(1) The world is created ex nihilo; God created the world without the aid of substance. God does intervene unilaterally
(2) God chose to create us with incompatibilistic freedom- freedom over which God does not overrule
(3) The moral integrity of God is such he does not choose to overrule certain decisions by man even though He finds the results obnoxious.
(4) God desires each individuals highest good and our well being as a human race
(5) God does not have exhaustive Knowledge what will happen in our lives and the decisions we as a people will make or as individuals. Yet the neotheist claims God is omniscience because God knows the facts as of this second.

The authors argue how these views are in variance to Arminian theology: which argues God foreknows who will accept Jesus as his Savior. I state this so those who read this review do not confuse Neotheism with those who oppose Calvinistic definition of predestination. The book presents arguments of Arminius and Calvin, but not any more then Augustine, Thomas Aquinas, Martin Luther, Francis Turretin, and Jonathan Edwards.
Other theologians are quoted only after it is explained the traditional view of theology is consistent with scripture and the neotheist thoughts on the subject are wrong. The authors of this book do not argue that God chooses who will accept Jesus as Savior; they do argue God does know what is and what is to come. God never permits man's freedom to hinder His will. That God has emotions but his nature will not changed by them. The nature of God is the same today as yesterday and will not Change tomorrow. The authors explain this is not what the neotheist believe.
Battling with a Self Delusion  Aug 17, 2005
This is an extremely disappointing book. It is something of a comic rehash of traditional-fundamentalist theology. It lumps very diverse perspectives together through the use of non-contexual quotations and treats the proponents of Open Theism with disdain. It lacks both academic respectability and basic Christian charity.

A number of criticisms might be leveled at the book on the immediate surface:

1. It renames Open Theism with Neo-Theism. This has the effect of disallowing academic opponents the privilege of defining themselves. This is a subversive and cruel attempt to malign the perspective before it is discussed. Apart from a brief introductory discussion and direct quotations, the authors refuse to use the lable Open Theism. It seems they need a little more openness if they are going to honest participants of theological dialogue.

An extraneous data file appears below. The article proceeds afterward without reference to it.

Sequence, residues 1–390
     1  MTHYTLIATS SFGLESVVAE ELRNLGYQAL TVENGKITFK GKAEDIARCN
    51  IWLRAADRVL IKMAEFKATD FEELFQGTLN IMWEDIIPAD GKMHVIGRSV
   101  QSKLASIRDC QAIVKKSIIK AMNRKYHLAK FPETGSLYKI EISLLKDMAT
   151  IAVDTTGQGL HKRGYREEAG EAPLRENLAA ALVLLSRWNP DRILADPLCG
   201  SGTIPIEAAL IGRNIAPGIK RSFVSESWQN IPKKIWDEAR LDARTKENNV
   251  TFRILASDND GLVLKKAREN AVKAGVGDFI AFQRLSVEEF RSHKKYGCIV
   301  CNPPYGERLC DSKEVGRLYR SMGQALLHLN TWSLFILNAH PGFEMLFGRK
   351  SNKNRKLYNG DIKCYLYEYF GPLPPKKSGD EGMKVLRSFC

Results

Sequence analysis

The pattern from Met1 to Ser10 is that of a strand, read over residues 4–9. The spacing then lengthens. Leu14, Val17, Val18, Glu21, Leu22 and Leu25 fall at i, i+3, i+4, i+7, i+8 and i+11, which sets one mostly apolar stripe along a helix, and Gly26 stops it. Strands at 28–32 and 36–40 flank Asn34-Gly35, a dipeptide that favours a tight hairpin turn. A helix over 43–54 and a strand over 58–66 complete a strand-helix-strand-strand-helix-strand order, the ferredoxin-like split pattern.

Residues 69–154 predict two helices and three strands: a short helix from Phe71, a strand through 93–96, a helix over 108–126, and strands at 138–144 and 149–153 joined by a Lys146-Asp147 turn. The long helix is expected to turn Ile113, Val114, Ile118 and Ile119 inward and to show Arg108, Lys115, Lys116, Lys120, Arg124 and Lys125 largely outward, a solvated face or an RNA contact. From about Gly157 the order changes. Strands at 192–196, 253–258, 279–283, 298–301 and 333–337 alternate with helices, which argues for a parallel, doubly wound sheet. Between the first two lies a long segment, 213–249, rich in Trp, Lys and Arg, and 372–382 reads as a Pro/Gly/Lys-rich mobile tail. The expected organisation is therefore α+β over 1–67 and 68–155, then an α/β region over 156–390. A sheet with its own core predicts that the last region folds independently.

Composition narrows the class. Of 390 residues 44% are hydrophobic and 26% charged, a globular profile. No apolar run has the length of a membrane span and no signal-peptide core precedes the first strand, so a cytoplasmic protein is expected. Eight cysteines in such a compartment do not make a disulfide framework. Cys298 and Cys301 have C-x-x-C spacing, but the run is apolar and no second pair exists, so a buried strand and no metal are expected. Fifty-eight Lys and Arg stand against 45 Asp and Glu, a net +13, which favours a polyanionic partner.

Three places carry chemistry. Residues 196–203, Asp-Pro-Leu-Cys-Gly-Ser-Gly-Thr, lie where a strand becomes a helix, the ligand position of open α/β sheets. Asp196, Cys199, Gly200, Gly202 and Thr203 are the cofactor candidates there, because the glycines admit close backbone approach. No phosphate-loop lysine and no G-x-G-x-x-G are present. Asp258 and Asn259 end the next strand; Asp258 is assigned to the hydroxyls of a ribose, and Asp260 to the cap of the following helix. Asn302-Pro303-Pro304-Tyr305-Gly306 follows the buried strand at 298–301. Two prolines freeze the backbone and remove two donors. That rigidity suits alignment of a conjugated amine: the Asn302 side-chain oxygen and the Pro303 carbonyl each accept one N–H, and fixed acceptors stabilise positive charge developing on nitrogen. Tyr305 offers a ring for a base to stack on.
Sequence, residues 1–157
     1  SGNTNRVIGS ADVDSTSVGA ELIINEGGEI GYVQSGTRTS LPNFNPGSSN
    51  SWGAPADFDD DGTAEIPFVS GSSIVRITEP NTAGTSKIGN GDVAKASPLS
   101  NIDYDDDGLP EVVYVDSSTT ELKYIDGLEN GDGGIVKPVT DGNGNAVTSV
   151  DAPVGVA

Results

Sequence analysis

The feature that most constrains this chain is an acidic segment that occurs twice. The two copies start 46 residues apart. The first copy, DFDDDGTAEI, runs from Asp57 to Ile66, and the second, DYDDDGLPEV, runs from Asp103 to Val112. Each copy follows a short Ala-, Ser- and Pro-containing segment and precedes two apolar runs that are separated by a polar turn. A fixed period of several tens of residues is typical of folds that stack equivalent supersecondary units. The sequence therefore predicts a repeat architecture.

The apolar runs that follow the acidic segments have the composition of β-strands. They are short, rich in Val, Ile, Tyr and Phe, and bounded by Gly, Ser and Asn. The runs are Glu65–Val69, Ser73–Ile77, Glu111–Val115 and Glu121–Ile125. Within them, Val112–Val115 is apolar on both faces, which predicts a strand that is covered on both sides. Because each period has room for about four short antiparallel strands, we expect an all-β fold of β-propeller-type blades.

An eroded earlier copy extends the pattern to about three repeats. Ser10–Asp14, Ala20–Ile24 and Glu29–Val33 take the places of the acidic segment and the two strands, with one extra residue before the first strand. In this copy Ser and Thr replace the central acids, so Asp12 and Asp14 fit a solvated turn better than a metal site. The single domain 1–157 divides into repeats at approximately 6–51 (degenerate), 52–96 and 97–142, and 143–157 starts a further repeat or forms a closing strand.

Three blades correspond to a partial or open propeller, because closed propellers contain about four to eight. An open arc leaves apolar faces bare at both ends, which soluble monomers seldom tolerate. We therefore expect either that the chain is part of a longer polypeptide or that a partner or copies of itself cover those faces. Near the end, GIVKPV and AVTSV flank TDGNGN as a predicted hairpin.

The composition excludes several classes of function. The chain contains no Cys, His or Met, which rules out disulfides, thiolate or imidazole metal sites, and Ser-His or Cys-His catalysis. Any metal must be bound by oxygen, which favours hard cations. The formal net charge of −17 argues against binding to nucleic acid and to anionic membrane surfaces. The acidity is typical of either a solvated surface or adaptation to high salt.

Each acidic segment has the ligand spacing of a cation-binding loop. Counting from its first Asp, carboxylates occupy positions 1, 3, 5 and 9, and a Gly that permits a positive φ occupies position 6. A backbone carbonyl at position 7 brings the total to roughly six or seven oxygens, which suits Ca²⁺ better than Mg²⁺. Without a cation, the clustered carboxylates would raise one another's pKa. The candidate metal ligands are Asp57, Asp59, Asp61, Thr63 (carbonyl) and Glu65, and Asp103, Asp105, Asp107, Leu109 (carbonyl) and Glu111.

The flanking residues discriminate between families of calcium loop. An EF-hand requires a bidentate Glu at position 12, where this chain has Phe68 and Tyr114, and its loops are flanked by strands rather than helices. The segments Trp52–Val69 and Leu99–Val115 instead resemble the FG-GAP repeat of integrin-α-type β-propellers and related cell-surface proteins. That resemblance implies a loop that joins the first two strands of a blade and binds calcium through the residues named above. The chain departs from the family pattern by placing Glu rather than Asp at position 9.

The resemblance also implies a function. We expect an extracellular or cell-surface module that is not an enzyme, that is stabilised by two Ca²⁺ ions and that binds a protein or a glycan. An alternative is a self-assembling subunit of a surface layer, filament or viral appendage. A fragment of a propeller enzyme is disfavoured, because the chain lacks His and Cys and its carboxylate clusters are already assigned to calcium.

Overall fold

2. They identify Open Theism as a development of Process Theology. However, Open Theists have repeatedly denied such a connection and have even offered critiques of Process Theology that are superior to those offered in this book. In short, Process Theology teaches that God needs the world. Open Theism does not have a God that is dependent upon the world nor does their God need the world in any way. The God of Open Theism has a more intimate connection with the world than that of Geisler, House and Herrera. Particularly in that Open Theism posits that God works in partnership with his creation and not simply in a relationship of absolute dictatorial dominence. This of course is the appeal of Open Theism, its democratic rather than autocratic or despotic relationship between the Creator and the creature. This is an area that needs to be better worked out by both sides, and the dialogue will no doubt be refreashing and educational for all.

3. The book fails to note the varieties or strands within Open Theism nor does it acknowledge developments within Open Theism. The Openness Theologians have all developed their positions in response to evaluations of earlier papers and books. Some have changed their positions moderately; all have reworked hypotheses to answer various challenges. Furthermore, the three main theologian, Sanders, Boyd and Pinnock, have significant nuance differences that are not addressed indicating that is somewhat unfair to speak simply of Open Theism. It may be better to speak of Open Thesims. The trite and cynical quoting of the most outrageous elements of each Open Theism writer and then lumping them together into one huge "heresy" as if the worst of all of them together represents the best of the whole is unfair and represents a depraved scholarship.